Your home will be safer from wildfires, while the projects are fully completed and not highly visible from the town. The Dead Mountain Trail is temporarily closed due to its proximity to burning and logging activities. You are likely to see smoke in the air when we burn. You will probably see more log trucks on Salmon Creek Road, Fish Hatchery Road, Westfir/Oakridge Road, MacFarland Road, and Prairie High Road. As the project continues, you may hear logging-related noises such as yarders and overhead helicopters flying.

    How many acres will you be burning?

    We expect to conduct prescribed burns on approximately 1,500 acres in total when thinning is complete, spreading the work out over several years. In 2018, we anticipate conducting burns on approximately 40 acres on the east side of Prairie High near Oakridge and approximately 200 acres outside of Westfir.

    How do you manage smoke?

    To promote cleaner burning, Oregon’s management directives ensure that they thoroughly cover all of our debris piles. We strictly adhere to the prescribed burning guidelines to avoid any potential issues and to protect the air quality for sensitive individuals during yellow and red air quality days. Our prescribed burning plan allows us to carry the smoke away from the area and minimize its impacts, giving us the best opportunity to burn efficiently.

    What if the fire escapes?

    There will be several crews of firefighters working daily to monitor the sites, and they will burn. In addition, we will have a fire line completely built around the unit with a hose line. We have set up several defense lines to keep up with the prescribed burns.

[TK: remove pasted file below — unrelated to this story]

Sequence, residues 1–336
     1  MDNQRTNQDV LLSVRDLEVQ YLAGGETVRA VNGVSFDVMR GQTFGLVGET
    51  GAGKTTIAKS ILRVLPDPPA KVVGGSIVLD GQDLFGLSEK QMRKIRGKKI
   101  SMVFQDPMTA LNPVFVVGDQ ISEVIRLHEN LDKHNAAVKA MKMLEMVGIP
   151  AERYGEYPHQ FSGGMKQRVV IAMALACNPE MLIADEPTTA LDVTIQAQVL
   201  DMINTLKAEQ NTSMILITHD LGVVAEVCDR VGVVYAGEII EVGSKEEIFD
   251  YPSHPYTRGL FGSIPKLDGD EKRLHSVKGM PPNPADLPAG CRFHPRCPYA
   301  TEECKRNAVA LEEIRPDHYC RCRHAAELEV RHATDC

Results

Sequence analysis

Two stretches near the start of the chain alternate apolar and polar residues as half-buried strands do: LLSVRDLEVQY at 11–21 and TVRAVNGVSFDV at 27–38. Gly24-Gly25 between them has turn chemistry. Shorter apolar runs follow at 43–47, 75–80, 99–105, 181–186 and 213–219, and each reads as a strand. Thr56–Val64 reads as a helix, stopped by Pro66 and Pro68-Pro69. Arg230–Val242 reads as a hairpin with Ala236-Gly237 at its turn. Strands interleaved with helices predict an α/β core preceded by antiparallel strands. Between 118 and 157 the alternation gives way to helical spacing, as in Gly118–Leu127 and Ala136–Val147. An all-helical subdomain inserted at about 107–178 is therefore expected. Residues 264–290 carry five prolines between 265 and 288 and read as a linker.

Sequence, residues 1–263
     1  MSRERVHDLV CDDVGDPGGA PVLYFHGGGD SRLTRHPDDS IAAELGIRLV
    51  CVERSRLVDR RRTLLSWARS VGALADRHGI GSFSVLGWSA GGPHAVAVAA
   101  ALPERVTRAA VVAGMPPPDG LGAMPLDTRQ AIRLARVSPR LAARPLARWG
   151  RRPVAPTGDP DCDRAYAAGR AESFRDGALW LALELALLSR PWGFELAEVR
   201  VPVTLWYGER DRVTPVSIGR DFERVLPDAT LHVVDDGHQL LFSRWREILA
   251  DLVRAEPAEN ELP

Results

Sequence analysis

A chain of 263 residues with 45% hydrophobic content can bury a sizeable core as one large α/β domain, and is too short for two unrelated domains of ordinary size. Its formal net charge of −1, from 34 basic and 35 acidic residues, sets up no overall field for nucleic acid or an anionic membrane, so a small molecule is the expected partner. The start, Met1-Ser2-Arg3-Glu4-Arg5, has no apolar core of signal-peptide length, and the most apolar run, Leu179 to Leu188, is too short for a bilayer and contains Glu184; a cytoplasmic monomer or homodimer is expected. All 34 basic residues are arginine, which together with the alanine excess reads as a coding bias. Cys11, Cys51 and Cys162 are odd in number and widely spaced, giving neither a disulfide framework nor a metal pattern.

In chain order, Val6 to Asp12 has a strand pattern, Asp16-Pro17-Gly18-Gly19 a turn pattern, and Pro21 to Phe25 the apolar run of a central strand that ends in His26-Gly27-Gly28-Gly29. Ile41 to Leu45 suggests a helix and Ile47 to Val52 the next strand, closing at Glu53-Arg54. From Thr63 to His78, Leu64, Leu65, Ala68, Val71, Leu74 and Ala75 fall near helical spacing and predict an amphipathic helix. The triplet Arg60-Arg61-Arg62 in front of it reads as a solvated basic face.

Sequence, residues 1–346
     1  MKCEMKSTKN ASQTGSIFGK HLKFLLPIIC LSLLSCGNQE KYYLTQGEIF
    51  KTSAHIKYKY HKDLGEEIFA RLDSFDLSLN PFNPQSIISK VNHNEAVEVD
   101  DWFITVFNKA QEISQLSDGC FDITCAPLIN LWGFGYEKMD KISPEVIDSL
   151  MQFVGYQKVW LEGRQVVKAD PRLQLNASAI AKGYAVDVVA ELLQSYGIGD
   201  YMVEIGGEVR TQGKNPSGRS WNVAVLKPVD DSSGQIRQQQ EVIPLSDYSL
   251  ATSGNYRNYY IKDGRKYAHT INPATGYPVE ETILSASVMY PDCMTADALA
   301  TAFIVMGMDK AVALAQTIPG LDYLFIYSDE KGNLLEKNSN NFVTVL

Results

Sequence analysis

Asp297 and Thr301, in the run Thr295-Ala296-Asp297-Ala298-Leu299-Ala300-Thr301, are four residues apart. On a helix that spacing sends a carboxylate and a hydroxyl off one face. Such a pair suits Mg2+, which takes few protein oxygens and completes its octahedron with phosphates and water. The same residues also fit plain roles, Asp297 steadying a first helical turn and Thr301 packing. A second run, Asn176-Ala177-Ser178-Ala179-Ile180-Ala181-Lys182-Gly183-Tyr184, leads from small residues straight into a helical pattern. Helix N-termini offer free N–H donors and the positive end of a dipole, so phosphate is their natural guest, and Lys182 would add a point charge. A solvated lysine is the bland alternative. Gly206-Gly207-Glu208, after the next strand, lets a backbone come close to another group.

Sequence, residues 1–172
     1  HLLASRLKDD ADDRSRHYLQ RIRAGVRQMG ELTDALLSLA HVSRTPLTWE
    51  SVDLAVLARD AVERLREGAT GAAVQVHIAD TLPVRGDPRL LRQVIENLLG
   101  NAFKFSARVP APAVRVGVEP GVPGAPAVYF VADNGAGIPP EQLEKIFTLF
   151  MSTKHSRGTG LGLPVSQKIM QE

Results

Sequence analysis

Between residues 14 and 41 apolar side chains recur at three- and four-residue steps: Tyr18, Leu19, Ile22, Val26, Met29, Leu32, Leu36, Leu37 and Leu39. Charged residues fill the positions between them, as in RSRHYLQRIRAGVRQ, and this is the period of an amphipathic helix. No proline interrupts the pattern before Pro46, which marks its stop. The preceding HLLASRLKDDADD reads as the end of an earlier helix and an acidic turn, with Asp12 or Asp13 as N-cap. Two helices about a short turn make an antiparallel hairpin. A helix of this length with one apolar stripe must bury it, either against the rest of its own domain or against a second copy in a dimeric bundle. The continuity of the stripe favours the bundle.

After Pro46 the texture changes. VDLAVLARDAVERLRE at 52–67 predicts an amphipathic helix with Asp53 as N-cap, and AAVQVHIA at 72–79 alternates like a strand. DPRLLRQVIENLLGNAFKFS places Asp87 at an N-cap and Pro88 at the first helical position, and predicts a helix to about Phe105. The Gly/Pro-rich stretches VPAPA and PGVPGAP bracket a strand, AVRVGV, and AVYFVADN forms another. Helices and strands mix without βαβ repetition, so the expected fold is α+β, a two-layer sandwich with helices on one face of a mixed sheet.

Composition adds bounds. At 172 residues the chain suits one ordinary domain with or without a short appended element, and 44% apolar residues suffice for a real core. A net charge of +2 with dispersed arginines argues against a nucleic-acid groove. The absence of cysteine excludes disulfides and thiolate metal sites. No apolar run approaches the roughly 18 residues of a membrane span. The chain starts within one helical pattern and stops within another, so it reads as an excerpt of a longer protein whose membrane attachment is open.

Can I do anything to help?

    We can also assist you in completing this work at the Oregon Department of Forestry’s contact number (541)726-3588. Additionally, we can provide you with further information to help explain the goal of this project to your neighbors and friends. Residents can also use our services to make their properties more defensible in the event of a wildfire by becoming Firewise.

    Where can I get more information?

    Please contact us at the Middle Fork Ranger District: 541-782-2283 if you have any inquiries or worries regarding this undertaking. Progress reports will be published on InciWeb at https://inciweb.Nwcg.Gov/incident/5757/ and on our Facebook and Twitter platforms.